Costs for Tenants and Homeowners - Is It Better to Rent or to Buy?, Property 101 Rent Vs Buy Guide
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Costs for Tenants and Homeowners

Timeline costs for Tenants and Homeowners

Most of us, at some point in our lives, will have to decide whether to buy or rent a home. The decision that is then made is often based on the financial factors involved over a long-term period. Here is an overview of all the costs incurred for both a Homeowner and a Tenant.


When entering the property market, those wishing to rent a property will be faced with very low start-up costs compared to the big upfront expenses involved in buying property.

When choosing to buy or rent a home, look at all the financial factors involved over a long-term period for both a Homeowner and a Tenant.

At the start of the first month of renting a property, a tenant will be expected to pay a deposit and the first month’s rent. The deposit is held as surety and can be used by the Homeowner to cover outstanding rental costs or damage caused to the property during the lease term. The value of the deposit is at the discretion of the Homeowner, but usually ranges from 1 to 3 months of the rental amount.

When buying property, the new Homeowner will have to cover some initial costs including a home loan deposit, property registration fees, Bank fees and Estate Agent fees. The value of the deposit is very important for a first-time Homeowner, as it directly impacts the home loan repayment amount, and therefore the monthly instalments due. The greater the deposit saved, the lower your monthly bond repayments will be. The overall start-up fees may seem high at first, but one must take into consideration that these fees are once-off amounts and are the initial costs involved in paying towards your own profitable, long-term investment.

Annual costs

The yearly costs for those who rent and those who own property may vary.

A Tenant is required to pay rent on a monthly basis as stipulated on the lease agreement. The duration of a lease may vary, but will often range between 6 and 12 months. After this time, the Tenant will be required to renew the lease contract, which will likely be subject to an increase in rent. This increase in rent usually varies between 5% and 10% of the rental amount, and is normally implemented based on a 12-month cycle.

In comparison, a Homeowner is required to pay monthly bond repayments. The total repayment amount is based on several factors, such as the property price, deposit amount, duration of the loan, and interest rate offered. The duration of a loan is typically 10, 20 or 30 years, and the value repayable can be affected by fluctuations in the interest rate during this time. Unlike a Tenant's rental payments, the Homeowner’s annual bond costs accumulate equity over time, and are tax deductible, ultimately resulting in a saving.

The Homeowner is directly responsible for paying the levy and utility costs of a home and these include water, rates and electricity. However, when renting, while water and rates costs are usually included in the monthly rental amount, the monthly electricity fee is an additional payment for the Tenant’s account. The inclusion of these costs in the rental price is at the discretion of the Landlord. Additional costs incurred by a Homeowner are those involved in the general maintenance and repair of a property.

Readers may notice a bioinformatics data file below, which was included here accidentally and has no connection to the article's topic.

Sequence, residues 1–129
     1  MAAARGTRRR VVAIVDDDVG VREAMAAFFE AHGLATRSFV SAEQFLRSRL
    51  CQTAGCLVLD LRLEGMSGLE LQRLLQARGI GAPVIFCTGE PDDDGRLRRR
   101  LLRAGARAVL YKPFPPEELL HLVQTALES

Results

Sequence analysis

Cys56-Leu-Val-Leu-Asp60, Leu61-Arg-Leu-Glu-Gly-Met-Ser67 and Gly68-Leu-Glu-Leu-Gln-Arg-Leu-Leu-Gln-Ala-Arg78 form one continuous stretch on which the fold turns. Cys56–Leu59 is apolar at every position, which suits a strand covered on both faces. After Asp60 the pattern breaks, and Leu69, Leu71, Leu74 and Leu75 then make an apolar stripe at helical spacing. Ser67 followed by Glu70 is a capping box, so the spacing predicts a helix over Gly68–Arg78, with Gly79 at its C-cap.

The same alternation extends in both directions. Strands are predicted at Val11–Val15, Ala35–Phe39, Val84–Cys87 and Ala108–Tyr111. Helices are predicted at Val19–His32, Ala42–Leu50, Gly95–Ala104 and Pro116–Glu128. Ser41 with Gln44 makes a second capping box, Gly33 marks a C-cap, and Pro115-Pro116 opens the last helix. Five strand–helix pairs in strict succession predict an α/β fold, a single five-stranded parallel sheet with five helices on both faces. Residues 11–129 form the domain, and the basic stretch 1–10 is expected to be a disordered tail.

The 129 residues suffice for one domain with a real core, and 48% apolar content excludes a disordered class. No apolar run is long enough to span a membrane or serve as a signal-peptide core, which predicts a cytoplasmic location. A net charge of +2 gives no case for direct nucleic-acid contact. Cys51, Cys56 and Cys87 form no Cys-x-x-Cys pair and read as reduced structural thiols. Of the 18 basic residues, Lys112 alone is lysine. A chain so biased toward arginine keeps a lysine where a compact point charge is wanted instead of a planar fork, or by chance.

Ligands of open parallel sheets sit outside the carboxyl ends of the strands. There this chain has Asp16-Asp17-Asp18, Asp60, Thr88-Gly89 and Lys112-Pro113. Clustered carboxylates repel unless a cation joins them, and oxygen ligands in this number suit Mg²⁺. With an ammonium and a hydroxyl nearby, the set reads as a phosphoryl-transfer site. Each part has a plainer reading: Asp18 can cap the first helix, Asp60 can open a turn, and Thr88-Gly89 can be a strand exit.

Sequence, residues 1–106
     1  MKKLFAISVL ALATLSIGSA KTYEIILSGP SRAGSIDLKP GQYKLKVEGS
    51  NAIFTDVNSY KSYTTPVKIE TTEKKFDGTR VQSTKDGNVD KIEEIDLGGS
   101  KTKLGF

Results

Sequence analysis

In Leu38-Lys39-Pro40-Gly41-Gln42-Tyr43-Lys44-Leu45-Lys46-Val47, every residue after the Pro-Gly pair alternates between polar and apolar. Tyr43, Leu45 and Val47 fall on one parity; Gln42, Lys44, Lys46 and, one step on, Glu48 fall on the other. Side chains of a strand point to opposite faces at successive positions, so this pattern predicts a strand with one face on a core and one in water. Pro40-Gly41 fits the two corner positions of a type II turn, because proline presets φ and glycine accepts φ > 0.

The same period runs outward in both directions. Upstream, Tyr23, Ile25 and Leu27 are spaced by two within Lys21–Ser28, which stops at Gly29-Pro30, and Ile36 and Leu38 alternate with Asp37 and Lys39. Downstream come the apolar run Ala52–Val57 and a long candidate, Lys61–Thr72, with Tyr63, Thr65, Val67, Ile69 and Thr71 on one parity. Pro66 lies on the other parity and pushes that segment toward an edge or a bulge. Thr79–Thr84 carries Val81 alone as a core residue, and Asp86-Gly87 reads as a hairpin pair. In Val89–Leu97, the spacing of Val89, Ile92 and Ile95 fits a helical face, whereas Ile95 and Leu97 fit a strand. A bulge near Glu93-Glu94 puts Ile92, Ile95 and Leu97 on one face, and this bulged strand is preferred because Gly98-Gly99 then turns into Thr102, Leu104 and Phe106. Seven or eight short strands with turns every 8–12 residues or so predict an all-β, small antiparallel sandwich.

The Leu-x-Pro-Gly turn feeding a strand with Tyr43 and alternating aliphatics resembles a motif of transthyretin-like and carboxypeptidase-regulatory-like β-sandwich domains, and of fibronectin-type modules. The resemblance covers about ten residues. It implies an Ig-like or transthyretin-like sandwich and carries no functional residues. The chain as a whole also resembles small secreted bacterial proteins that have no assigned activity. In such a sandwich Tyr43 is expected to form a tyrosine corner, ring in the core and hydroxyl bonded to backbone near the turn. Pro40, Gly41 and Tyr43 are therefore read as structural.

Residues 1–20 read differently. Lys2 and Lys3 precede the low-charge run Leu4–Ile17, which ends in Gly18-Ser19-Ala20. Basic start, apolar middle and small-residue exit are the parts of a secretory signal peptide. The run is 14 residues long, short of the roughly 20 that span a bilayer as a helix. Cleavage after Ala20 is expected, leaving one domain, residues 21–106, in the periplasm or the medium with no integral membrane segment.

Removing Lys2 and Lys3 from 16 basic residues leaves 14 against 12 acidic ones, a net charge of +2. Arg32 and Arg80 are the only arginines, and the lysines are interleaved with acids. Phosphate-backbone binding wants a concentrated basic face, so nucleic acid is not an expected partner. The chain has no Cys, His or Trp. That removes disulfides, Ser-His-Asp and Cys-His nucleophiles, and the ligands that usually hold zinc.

Both Tenants and Homeowners have the option to make use of additional services, and these will be at their own cost. Such services include internet and telephone, insurance for household contents and security fees.

When moving on

When a Tenant chooses not to renew the lease contract, the deposit amount may be paid back. This will be at the Landlord’s discretion based on any outstanding rental due or damage to the property that was as a result of the Tenant’s negligence. A Homeowner who decides to sell a property can potentially make a profit from the proceeds of a sale as a home generally appreciates in value over time.

When considering the actual long-term costs of both renting and buying, you will find that rental costs often accumulate and are higher than that the costs involved in home loan repayments. This is because there is never an end to large monthly payments with renting, and the amount will continue to increase as time goes on. However, a home loan will come to an end at which point the Homeowner will no longer have to make large monthly home loan payments, and they will have a valuable asset to their name. This is why renting is only a viable short-term option and buying is a long-term investment option.

When looking at renting or buying as a whole, the costs involved may be an important aspect, but your decision will also largely rest on the security homeownership offers compared to the freedom of renting, and which of these suit your needs.

When choosing to buy or rent a home, look at all the financial factors involved over a long-term period for both a Homeowner and a Tenant.

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